TORONTO (Reuters) - Canadian shoppers still pay more for many retail goods than U.S. shoppers do, but the wide price gap has narrowed considerably since the Canadian dollar rose to match the U.S. one last year.
Responding to customer complaints, many retailers in Canada have lowered their prices toward the U.S. ones, a boon for both shoppers and policy makers. Customers agree that many goods are costing less, and the Bank of Canada can worry less about inflation as certain retail prices fall.
But analysts say there will never be retail price parity to match the almost-parity between the two currencies on foreign exchange markets. Canadians face different sales and import taxes, and some prices will always be different.
“There’s not exact parity between the two (retail prices) but it looks like there’s enough movement on those fronts to quell the fires of protest,” said Doug Porter, deputy chief economist at BMO Capital Markets.
Last September, the Canadian dollar climbed to parity against the U.S. dollar for the first time in more than 30 years. It has stayed around that level for most of the time since, excluding a brief leap to around US$1.10 in November, when one U.S. dollar was worth around 91 Canadian cents.
Porter calculated that Canadian prices were 24 percent higher than U.S. prices on identical goods last September, a discrepancy that prompted consumer grumbles and large numbers of shopping trips to U.S. outlet malls.
His latest research puts the gap at roughly 15 percent.
Porter said factors like higher wages, rent, property tax, and to some extent sales volume, have to be taken into account as well as exchange rate movements.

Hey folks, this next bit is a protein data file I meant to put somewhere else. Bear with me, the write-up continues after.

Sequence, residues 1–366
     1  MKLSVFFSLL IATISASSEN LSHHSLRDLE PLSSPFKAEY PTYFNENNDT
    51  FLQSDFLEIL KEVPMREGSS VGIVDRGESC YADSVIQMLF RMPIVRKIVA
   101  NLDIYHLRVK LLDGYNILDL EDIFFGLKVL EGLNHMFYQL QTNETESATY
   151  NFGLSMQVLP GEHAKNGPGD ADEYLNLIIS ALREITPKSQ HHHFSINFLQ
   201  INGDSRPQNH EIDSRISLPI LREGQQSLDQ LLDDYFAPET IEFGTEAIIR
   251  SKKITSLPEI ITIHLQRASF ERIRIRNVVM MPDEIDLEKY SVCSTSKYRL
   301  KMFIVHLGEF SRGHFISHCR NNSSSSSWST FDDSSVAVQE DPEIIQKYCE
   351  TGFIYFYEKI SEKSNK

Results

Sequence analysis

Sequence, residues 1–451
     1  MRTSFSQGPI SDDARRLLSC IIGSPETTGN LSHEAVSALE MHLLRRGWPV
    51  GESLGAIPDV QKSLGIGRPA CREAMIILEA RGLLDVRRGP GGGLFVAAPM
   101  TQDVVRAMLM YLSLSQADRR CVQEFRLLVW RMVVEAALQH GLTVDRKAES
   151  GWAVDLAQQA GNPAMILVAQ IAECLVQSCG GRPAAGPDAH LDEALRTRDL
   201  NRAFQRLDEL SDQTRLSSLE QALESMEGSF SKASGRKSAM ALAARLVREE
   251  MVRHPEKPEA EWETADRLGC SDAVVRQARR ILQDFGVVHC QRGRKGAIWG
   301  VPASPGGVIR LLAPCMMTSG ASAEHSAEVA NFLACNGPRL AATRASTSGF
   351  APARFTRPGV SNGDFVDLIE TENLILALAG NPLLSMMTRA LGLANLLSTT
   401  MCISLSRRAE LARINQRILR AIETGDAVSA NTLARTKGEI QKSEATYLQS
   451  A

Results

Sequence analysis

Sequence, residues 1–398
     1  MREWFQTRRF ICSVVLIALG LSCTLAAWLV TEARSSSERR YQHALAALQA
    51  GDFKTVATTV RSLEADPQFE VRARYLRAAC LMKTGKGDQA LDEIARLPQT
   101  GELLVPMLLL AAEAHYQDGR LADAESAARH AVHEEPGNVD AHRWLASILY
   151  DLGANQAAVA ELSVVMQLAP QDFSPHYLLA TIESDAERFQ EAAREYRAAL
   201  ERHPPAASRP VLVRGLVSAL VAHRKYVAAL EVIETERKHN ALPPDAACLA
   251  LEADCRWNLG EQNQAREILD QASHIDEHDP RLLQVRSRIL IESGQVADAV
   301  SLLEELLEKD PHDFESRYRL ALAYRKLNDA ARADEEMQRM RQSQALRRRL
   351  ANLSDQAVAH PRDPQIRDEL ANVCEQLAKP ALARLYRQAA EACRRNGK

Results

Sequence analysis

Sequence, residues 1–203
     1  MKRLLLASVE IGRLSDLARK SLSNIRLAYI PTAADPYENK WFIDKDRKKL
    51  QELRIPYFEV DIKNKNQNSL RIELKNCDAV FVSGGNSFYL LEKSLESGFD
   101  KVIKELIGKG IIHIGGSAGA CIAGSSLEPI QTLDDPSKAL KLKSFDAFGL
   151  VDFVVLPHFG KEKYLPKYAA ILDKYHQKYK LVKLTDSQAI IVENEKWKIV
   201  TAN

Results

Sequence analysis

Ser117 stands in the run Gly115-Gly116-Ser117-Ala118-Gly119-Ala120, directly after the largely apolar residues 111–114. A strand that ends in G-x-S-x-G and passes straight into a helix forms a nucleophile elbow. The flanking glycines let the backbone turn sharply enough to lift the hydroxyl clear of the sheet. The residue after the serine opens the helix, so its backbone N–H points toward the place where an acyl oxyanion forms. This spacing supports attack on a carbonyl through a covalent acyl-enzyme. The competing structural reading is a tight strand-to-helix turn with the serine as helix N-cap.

The retail price cuts in Canada have affected both smaller items such as books, clothing and electronics and bigger-ticket purchases such automobiles, where prices were 7.1 percent below year-ago levels in March, the biggest price drop in 50 years.
But Canadian retailers say a long list of obstacles prevent them from matching prices, including higher shipping costs and gas prices and rules that say labels must be in both English and French, Canada’s two official languages.
There are also import taxes, and policy decisions by multinational brand owners not to match a U.S. price.
“To import a pair of running shoes from China, a retailer pays an import tax of about 18 percent on that item. A U.S. competitor pays zero,” said Derek Nighbor, Senior Vice President of National Affairs for Retail Council of Canada.
Tom Gauld, chief executive of auto parts and household goods retailer Canadian Tire, said the company had passed on most of its savings from the stronger Canadian dollar.
“I think part of the necessity we have over the last several years has been passing on almost everything in the exchange rate into our pricing,” Gauld told Reuters after the company’s annual meeting on Thursday.
“The other thing we’ve been doing is trying to keep our prices low. Quite frankly more and more of the product is being bought overseas and it is considerably less expensive in many of the product categories to have to purchase it offshore and bring it back to Canada.”
Porter said the retail price cuts were contributing to Canada’s low inflation. Consumer prices rose 1.4 percent in the year to March, higher only than Japan among major economies.
Editing by Janet Guttsman